Welcome this new alliance of common purpose .Lets not stop just at Brexit It s very likely that no one single party will have a outright majority at the next general election so alliances of common purpose on key issues could ensure changes to key policy areas like Universal Credit ,Housing, The Environment ,Education ,Health and Social Care Reform .Politics has become more issue driven than party driven and i am sure the Liberal Democrats are best placed to help build common ground between groupings against ideologically driven politics in the UKs national interest.

  • Katharine, I think what would be needed is for the EU 27 to be prepared to *insist upon* a postponement of *Theresa May’s chosen leave date* of March 29 next year, until the problems of the Irish border etc are resolved.

    We have to realise that Theresa May has built her entire edifice on the fact that the UK will leave the EU, so that the Conservatives can save themselves. There is only one date that would allow her to do it, and that is if she insists and bullies everyone that March 29 is the date. It had to be that date right from the very start as I explained at the time, even if nothing is actually agreed other than we have left the EU.

    An indefinite transition period is in fact perfectly acceptable to all those politicians who have chosen to hoist their flag on the ship of convenience Brexit, because it will allow them to say ‘I promised and I have delivered Brexit’. Only a few true believer politicos will be upset, but lots of ordinary voters will get very, very upset indeed – particularly as they (and the rest of us) will get steadily worse off while little actually changes except at the glacial pace we have seen so far.

    If the EU accept Britain leaving on March 29, even with massive holes still to be filled in, we will have left, and there will be no way back, and we will have lost, and so will Britain, and so will 99% of those who supported Brexit. That is what we have to stop.

  • I don’t think Barnier has the authority to do any of the things talked about. He is exercising a mandate from the Council. Unless they change that mandate or the UK withdraws Art 50/requests a delay he isn’t in a position to do anything.

  • @Neil Sandison: “Welcome this new alliance of common purpose. Let’s not stop just at Brexit. It’s very likely that no one single party will have an outright majority at the next general election so alliances of common purpose .. could ensure changes to key policy areas like Universal Credit, Housing, The Environment, Education, Health and Social Care Reform.”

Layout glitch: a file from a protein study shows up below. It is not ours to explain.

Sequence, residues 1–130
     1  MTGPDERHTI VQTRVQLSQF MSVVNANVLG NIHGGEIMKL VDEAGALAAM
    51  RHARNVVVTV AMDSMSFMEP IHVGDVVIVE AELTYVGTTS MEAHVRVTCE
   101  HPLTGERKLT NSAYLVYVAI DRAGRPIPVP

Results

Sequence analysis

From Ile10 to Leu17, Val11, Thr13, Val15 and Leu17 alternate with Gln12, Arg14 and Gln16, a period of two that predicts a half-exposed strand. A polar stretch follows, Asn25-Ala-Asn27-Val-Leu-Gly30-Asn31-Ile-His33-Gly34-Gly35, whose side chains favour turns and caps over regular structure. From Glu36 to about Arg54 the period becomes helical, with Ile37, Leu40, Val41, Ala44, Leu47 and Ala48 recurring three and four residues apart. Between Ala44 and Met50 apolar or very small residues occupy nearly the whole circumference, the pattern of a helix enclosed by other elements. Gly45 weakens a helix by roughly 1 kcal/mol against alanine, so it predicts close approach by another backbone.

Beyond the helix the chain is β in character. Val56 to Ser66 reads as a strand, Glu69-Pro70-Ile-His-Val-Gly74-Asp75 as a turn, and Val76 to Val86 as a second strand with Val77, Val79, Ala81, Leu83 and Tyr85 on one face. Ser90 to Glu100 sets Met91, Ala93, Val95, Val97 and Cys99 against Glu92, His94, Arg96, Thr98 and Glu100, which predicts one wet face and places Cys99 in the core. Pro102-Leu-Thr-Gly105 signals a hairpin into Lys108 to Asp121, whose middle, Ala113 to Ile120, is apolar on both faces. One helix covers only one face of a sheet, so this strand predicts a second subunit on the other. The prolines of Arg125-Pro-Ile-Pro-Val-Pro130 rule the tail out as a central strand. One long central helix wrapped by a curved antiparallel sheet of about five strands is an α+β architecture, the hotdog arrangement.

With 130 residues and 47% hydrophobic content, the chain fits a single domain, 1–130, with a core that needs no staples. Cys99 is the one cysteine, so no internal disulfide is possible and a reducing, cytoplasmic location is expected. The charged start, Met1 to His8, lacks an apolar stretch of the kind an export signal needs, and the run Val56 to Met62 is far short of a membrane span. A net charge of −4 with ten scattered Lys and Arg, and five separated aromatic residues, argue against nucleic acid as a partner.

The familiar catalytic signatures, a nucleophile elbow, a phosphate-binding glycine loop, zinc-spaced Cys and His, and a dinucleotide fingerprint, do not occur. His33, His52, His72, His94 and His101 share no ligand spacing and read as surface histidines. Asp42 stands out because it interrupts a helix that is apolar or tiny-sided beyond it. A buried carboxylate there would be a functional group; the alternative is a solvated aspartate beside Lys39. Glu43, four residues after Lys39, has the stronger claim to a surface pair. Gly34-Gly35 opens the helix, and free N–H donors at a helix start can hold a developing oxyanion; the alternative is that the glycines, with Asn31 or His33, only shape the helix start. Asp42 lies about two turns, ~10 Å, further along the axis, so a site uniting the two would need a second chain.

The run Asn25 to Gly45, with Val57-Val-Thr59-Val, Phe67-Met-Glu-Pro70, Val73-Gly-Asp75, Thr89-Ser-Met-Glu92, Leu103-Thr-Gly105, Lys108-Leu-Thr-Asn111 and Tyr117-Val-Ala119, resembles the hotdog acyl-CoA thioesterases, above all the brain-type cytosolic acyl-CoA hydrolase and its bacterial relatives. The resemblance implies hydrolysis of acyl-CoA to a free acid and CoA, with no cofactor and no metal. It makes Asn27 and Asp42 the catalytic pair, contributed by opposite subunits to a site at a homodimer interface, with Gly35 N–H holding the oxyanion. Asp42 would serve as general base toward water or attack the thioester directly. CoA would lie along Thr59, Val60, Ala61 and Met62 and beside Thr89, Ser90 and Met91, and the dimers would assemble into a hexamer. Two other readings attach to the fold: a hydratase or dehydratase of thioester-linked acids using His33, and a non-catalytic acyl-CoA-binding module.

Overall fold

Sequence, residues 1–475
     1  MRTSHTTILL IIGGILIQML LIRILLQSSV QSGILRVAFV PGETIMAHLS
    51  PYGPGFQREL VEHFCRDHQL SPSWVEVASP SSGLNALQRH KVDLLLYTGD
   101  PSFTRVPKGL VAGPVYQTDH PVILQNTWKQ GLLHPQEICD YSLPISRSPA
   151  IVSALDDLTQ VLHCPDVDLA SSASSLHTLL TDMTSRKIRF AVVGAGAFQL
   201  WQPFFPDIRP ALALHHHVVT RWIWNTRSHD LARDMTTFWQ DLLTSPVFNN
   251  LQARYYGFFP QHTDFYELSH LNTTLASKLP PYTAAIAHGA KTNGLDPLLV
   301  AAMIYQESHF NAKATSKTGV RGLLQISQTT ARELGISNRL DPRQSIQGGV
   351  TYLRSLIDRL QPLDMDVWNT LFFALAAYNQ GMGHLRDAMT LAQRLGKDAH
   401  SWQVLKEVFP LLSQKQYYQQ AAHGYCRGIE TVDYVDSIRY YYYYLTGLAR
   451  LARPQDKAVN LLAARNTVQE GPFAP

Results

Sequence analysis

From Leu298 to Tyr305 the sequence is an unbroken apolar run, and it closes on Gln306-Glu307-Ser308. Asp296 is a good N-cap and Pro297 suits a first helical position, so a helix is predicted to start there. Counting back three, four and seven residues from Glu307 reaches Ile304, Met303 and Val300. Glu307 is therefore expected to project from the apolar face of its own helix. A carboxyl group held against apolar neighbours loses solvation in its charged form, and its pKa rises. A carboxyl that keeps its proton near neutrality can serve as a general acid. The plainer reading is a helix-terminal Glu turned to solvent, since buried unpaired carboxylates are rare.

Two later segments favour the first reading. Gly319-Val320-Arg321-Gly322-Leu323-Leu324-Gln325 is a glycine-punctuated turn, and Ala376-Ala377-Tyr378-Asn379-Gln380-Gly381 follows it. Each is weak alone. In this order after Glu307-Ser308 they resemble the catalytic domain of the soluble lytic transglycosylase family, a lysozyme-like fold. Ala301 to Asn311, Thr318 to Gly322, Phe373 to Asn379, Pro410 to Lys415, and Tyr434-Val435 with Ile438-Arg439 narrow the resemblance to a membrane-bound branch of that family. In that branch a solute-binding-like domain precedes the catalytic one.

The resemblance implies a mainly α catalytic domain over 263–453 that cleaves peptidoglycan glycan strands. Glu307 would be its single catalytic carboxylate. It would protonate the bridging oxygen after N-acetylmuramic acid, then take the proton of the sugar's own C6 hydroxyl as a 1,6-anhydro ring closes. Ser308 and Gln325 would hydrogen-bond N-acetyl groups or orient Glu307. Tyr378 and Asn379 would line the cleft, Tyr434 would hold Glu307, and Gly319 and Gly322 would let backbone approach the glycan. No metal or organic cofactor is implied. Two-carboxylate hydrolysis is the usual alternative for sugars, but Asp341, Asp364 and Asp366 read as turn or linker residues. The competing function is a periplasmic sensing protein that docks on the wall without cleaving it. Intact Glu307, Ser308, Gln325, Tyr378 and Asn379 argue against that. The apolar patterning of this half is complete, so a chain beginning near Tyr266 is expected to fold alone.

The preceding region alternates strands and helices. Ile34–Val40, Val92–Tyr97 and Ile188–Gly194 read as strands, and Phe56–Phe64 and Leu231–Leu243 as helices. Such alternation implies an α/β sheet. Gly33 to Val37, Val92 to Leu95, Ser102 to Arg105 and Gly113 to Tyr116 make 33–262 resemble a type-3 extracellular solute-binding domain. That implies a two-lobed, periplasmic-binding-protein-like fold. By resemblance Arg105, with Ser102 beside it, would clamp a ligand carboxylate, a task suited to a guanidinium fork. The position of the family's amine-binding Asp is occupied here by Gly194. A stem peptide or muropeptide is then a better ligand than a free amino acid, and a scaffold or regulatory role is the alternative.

Wouldn’t this be wonderful – but let’s not get too carried away! Whilst this particular “alliance of common purpose” between the Lib Dems, SNP, Plaid Cymru and the Green Party in support of a [further] People’s Vote on Brexit is obviously welcome, it remains to be seen whether this could also be repeated on other issues. Even where such a so-called “progressive alliance” may exist on any specific policy agenda, these four parties only hold 52 seats (out of 650) between them in the current House of Commons – fewer than the Lib Dems held alone throughout the period 2005-15. We would therefore also need very substantial Labour support – and possibly a few dissident Tories plus the non-DUP Northern Irish MPs too – in order to build a broad enough coalition to defeat the Government on any particular vote.

  • Mick Taylor 26th Oct '18 - 3:22pm

    My question is why has this meeting been so long in coming? I am sure M. Barnier knows the facts but it really did need anti Brexit politicos to tell him.
    Of course the Brexiteers will accuse the group of being traitors and betraying the will of the people, but if Brexit is to be defeated we need more of the cross party working and soon.

  • paul barker 26th Oct '18 - 4:42pm

    Taking up Andy Claytons point, I would love to see MPs like Soubry & Umunna joining our ranks & even standing for Leader but we cant kidnap them. If people from Labour & The Tories want to become Libdems they have to make that decision themselves, all we can do is make encouraging gestures
    The potential is there to transform British Politics but it needs some MPs to leave their comfort zone & take a leap into the unknown, we cant do it for them.

  • John Marriott 26th Oct '18 - 5:50pm

    Did anyone bother to watch this week’s ‘Question Time’ from Barrow in Furness? We had Labour’s Lisa Nandy and the Tories’ Andrea Jenkyns tearing strips off each other on Brexit. It was interesting how many in the audience seemed to wish that politicians would just get together and sort out the mess.